Education regarding the post cholecystectomy diet should be provided to the patient. Although not a vital organ, the gallbladder has a specific role in the digestive process. Cholecystectomy is definitive therapy in cases of acute cholecystitis or symptomatic cholelithiasis. Removing the gallbladder during a cholecystectomy can result in changes in the patient's digestive pattern, metabolism, and nutritional status.

What to Eat Post-Cholecystectomy

Post-Cholecystectomy Physiological Changes

Sometimes, Acute cholecystitis with an onset of 72 hours and recurrent cholecystitis require cholecystectomy. Every day, the liver produces 500-1000 mL of bile and is accommodated by the gallbladder. Metabolism of fat requires bile at a certain volume and concentration; the gall bladder regulates this. The removal of the gallbladder causes bile secretion to flow directly into the duodenum.

This condition can cause changes in the motility of the gastrointestinal tract, causing diarrhea. Also, the required amount of bile is not achieved, so gastric emptying is slower. This condition can trigger gastritis due to gastroduodenal reflux. Changes in the concentration and secretion of bile are also thought to alter the normal flora of the digestive tract due to cytotoxic and oxidative effects so that it has an impact on metabolic processes, the immune system, and neurohormonal.

Diet Post Cholecystectomy

Until now, there are no specific nutritional guidelines for patients who have undergone removal of the gallbladder. Studies regarding the specific dietary needs of post-cholecystectomy patients are still minimal.

In general, the nutritional recommendations, according to experts for post-cholecystectomy patients, are:
  • A low-fat diet that can be increased slowly over several months by looking at the tolerance of each individual
  • Increase consumption of fiber to help bile so that it can improve gastrointestinal motility
  • Avoid consuming alcohol, caffeine, soft drinks, chocolate, spicy food, and foods and beverages based on citrus, tomatoes, and menthol in patients who experience functional dyspepsia symptoms.
  • A small but frequent diet to help reduce symptoms due to gastroduodenal reflux
  • Oral prebiotic and probiotic supplementation can be considered to help restore normal gastrointestinal flora.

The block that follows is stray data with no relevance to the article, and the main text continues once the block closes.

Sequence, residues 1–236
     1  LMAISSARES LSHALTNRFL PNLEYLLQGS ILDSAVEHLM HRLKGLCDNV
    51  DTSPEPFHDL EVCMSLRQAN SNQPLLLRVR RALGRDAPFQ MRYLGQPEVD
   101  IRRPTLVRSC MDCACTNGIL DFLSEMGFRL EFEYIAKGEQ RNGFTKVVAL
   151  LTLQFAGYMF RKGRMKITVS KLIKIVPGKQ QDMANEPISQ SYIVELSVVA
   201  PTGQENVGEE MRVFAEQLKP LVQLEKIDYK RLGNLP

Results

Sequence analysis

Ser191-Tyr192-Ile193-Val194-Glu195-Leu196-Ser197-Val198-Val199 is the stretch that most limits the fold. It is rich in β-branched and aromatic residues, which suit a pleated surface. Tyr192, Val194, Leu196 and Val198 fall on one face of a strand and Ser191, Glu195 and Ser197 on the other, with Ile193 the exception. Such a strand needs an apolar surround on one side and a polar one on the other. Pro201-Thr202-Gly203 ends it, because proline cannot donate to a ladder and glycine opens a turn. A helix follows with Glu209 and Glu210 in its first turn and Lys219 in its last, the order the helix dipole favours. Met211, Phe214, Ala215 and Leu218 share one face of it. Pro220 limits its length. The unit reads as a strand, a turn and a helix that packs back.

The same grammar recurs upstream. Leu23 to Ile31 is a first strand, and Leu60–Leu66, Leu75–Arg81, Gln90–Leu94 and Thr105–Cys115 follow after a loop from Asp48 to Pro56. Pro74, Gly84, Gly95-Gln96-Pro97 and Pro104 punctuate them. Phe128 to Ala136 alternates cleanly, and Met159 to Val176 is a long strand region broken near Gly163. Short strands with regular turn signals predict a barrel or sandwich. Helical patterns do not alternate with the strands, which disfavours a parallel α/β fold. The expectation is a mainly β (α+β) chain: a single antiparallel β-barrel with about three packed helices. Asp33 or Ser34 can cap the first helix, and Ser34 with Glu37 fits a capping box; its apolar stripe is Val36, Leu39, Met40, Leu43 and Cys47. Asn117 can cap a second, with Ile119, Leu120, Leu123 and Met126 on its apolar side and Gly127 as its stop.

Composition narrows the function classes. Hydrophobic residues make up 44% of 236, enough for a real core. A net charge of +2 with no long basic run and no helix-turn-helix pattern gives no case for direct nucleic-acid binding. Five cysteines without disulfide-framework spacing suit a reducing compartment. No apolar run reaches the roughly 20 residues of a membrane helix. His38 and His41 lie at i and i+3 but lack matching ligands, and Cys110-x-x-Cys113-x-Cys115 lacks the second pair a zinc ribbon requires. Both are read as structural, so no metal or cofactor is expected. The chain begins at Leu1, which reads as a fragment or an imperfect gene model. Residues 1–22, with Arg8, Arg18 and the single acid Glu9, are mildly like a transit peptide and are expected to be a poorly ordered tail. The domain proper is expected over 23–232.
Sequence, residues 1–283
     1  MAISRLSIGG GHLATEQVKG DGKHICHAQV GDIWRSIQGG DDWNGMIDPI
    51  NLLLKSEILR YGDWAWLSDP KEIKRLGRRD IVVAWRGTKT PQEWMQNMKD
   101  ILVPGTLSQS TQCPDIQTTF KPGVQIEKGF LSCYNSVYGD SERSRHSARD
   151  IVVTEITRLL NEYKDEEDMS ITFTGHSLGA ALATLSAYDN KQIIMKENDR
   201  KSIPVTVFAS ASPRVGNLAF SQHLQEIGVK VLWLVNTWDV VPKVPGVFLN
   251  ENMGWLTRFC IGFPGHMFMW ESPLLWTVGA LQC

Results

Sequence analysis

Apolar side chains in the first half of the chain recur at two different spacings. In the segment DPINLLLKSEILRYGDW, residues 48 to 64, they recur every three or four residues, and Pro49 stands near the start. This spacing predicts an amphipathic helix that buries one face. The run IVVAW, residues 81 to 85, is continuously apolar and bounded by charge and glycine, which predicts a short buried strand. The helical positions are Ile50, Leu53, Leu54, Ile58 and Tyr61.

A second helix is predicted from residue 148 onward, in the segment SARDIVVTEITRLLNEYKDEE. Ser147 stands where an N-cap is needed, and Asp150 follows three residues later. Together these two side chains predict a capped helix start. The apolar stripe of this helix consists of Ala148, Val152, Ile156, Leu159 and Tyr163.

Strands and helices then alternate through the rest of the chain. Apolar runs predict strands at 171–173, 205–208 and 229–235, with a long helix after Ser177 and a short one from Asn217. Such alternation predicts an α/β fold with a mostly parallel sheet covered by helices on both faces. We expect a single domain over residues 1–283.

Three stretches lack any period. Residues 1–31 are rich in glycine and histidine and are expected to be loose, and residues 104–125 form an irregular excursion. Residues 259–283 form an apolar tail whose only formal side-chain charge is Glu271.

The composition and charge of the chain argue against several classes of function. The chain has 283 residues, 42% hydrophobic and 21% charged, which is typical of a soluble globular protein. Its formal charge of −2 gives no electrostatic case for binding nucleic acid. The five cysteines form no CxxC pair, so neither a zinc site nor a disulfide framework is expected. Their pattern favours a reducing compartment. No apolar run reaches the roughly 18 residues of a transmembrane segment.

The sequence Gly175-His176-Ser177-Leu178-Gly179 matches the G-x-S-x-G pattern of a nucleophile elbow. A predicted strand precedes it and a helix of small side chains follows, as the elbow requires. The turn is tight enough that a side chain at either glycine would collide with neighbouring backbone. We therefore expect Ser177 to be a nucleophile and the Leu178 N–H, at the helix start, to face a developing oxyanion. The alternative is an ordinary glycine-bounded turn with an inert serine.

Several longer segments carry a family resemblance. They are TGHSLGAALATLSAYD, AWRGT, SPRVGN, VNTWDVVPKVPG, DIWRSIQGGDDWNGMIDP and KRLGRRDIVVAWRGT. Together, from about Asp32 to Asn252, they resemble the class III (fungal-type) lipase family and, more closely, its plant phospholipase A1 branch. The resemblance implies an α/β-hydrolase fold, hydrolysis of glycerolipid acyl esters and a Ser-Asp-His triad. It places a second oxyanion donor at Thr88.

• Supplementation of fat-soluble vitamins A, D, E, and K is still recommended. However, no study states that post-cholecystectomy patients must be deficient in fat-soluble vitamins A, D, E, and K.

Pharmacological Therapy

Pharmacological therapy for patients who experience gastrointestinal complaints after the cholecystectomy procedure is given according to the complaints and symptoms. Pharmacological therapy that can be given includes:
  1. Loperamide to reduce gastrointestinal motility in patients with recurrent diarrhea
  2. Cholestyramine to decrease gastrointestinal motility by binding to bile in patients who have diarrhea with fatty stools or steatorrhea
  3. Fiber supplementation to reduce diarrhea in patients who lack oral fiber intake
  4. H2 antagonists (cimetidine, ranitidine) or proton pump inhibitors (omeprazole, lansoprazole) given to patients with symptoms of functional dyspepsia due to gastroduodenal reflux

Studies regarding post-cholecystectomy patients' nutritional needs are still limited; there are no specific dietary guidelines for post-cholecystectomy patients. According to experts, post-cholecystectomy diet recommendations in the form of a low-fat, high-fiber diet, reducing the quantity of food more frequently, and avoiding foods and drinks can trigger an increase in stomach acid production—pharmacological therapy for patients who have experienced removal of the gallbladder according to complaints and symptoms. The most common complaints are diarrhea and dyspepsia.